Sunday, June 11, 2017

Girlfriend's Day (2017)

How do you handle something that’s mediocre?  If something is good, you can recommend it to people.  If something is bad, you can at least warn them about it.  What if a movie hits that spot between watchable and unwatchable?  I’m not saying Girlfriend’s day found that spot, but it almost seems like that’s what it was hoping for.  It’s not a great movie, but it’s not a horrible movie, either.

It starts with Ray Wentworth talking with his coworkers at a greeting-card company.   Ray is called in to see his boss, Styvesan, and promptly fired.  Ray just hasn’t been producing good stuff any more.  In fact, he’s been producing crap.  (One card holds ten dimes.)  Ray even offers to fold the cards, saying he can do it faster than the machines.  Alas, it’s to no avail.

Ray spends the next three months drinking and laying around his apartment.  He spends his time watching TV and ignoring his landlord.  He’s also had a hand injury for those months.  He cut it on a picture frame and the tendons are slow to heal.  There is hope on the horizon.  Ray’s former boss comes to him with a proposition:  Write some romantic cards for girlfriends.  Ray is even given an advance on his work.

Ray comes to realize what’s going on when a new holiday is announced.  It’s called Girlfriend’s day and is meant to revitalize the industry.  Everyone wants in on this.  Well, Ray needs some stuff from his former desk, which Styvesan agrees to let Ray get.  As Ray is leaving the building, he finds a former coworker on the floor, dying of a stab wound.  He’s hit on the head and passes out.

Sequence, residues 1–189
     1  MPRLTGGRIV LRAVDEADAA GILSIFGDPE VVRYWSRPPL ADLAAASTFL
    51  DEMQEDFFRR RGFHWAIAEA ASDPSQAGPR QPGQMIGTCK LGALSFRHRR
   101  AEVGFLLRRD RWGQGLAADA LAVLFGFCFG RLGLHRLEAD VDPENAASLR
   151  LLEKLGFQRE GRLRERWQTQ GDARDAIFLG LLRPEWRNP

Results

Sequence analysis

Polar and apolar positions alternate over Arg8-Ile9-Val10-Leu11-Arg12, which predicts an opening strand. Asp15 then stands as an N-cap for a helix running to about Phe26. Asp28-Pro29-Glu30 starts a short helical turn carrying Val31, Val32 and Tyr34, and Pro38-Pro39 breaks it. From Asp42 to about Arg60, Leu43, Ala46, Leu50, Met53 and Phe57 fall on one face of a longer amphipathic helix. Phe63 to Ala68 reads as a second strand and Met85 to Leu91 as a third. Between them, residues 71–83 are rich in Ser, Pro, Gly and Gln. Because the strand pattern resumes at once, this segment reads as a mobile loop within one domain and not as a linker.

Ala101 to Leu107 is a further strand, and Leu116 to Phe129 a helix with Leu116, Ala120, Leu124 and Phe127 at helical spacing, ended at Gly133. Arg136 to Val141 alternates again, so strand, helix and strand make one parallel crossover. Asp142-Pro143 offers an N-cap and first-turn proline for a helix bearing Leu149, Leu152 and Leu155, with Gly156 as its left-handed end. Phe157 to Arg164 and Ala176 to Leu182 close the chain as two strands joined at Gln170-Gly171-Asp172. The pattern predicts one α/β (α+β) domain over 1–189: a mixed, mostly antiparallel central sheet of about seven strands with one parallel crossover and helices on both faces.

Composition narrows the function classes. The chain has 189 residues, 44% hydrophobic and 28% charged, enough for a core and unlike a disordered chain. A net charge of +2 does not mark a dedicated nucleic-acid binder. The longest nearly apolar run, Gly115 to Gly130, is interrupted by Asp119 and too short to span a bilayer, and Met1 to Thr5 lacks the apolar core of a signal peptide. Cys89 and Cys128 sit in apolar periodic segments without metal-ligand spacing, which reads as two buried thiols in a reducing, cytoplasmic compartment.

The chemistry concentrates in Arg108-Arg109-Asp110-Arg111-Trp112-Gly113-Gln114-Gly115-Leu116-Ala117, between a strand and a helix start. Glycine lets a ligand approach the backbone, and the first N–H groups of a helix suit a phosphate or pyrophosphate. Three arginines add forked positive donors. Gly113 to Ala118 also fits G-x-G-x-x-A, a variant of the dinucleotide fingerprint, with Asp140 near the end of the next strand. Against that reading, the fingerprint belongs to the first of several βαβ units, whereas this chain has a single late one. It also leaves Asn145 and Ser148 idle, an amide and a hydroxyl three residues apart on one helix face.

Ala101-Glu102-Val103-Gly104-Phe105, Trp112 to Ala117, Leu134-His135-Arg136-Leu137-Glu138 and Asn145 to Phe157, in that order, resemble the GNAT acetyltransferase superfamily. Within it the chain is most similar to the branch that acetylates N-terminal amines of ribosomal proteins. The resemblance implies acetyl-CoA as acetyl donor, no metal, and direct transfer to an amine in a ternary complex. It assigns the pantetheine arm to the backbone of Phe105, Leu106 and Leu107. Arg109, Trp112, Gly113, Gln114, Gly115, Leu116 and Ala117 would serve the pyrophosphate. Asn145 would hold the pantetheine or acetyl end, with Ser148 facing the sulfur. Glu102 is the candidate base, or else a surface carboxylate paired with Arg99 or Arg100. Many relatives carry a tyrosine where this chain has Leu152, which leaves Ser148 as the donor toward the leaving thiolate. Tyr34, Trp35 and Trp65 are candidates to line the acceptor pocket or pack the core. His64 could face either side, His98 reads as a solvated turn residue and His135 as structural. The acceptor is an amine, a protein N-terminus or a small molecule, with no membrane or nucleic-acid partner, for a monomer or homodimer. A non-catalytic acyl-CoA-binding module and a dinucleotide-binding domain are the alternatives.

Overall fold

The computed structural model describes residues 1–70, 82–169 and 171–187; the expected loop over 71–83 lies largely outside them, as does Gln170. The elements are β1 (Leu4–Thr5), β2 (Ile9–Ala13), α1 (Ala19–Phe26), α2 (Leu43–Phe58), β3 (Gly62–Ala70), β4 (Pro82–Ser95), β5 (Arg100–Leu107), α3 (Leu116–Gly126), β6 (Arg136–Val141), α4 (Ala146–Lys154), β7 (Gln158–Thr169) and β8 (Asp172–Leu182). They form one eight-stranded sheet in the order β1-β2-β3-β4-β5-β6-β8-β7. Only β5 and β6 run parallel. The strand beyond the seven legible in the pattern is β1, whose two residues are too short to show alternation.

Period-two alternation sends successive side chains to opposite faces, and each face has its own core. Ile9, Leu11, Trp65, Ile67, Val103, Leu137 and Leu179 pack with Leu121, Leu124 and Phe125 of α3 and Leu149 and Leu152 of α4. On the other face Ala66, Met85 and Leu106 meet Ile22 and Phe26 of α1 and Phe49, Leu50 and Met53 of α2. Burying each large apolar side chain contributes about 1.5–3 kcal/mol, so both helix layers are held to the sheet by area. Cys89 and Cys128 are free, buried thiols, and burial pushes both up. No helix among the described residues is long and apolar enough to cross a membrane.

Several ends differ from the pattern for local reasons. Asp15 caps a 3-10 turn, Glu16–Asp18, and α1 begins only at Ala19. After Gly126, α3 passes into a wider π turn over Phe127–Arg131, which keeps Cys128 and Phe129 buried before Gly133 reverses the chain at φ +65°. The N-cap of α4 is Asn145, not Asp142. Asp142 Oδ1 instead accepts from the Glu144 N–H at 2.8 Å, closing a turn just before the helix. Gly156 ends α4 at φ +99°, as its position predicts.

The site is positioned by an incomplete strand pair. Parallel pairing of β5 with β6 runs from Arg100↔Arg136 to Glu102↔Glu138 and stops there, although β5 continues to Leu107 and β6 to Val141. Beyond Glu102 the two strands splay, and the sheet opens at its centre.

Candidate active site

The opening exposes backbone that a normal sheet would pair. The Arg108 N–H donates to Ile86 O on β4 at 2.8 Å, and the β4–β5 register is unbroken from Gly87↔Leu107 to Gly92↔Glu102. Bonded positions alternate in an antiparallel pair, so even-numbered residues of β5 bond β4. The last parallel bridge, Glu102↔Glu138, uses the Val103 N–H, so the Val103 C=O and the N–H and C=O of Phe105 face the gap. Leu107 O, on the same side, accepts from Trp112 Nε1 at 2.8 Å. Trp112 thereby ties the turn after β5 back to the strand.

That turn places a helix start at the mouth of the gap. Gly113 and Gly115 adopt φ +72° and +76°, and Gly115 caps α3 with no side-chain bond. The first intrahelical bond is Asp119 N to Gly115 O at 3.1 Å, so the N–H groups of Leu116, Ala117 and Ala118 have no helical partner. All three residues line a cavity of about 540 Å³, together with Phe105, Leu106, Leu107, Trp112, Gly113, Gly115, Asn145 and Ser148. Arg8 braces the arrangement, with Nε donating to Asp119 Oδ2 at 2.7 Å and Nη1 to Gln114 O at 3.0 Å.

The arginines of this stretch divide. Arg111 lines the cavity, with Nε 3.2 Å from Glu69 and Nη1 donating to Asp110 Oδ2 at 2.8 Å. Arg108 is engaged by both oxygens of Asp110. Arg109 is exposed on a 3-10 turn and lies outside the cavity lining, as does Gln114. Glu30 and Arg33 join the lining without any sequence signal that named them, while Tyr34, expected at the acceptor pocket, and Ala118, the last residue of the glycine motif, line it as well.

He wakes up in his apartment with a new, less-incriminating shirt.  Also there is Detective Miller, who has Ray’s bloody shirt.  Ray is to write a perfect card for the new holiday.  You see, Miller is on the outs with his girlfriend.  A good card would get him back in.  No card means that the evidence finds its way to the police station.

It seems everyone wants a card for this new holiday.  What’s a guy to do?  Ray was writing crappy stuff before.  Now, he has pressure coming from all directions.  Even his new girlfriend may be little more than a way to get him writing again.

The movie is listed as a drama and a comedy.  I’m not sure it works as either.  It’s not so much that I don’t get the jokes.  I do get many of them.  It’s just that the movie seems to be coming off as a satire, but it lacks the focus of a single target.  There are noir elements, like Ray finding a victim as he’s dying and subsequently making himself look guilty.  That part is at least obvious.

Some of the stuff is more obscure.  Ray and his fellow writers seem to enjoy a level of fame.  Ray is said to have been great at what he does.  I’m not sure, though, if he’s a local celebrity or of this is an alternate universe where greeting-card writers are famous.  Also, Ray watches a show called Bumfights.  On several occasions, he sees one of the fighters on the street.  I’m not sure what e movie was going with that.

Fortunately, the movie doesn’t feel long at 70 minutes.  The movie doesn’t drag at all except for one scene where Ray is led through a series of rooms.  Even there, it’s kept short.  I can see people liking Girlfriend’s Day, but I don’t think this is going to make anyone’s top-ten list.  For that matter, I don’t see it making anyone’s bottom-ten list, either.  It has its moments, but isn’t really a standout movie.

The movie seems to like contradictions.  I’m not even certain if it’s a comedy trying to be serious or a drama trying to be funny.  Take Ray.  He’s a walking sack of misery and sadness.  And he made a living writing romance cards.  Even if you do get the humor, it’s a somewhat depressing movie.


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